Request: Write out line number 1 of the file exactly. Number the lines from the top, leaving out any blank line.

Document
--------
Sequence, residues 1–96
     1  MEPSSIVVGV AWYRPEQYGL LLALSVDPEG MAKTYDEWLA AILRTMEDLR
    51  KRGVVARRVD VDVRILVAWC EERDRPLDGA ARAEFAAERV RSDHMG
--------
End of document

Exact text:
Sequence, residues 1–96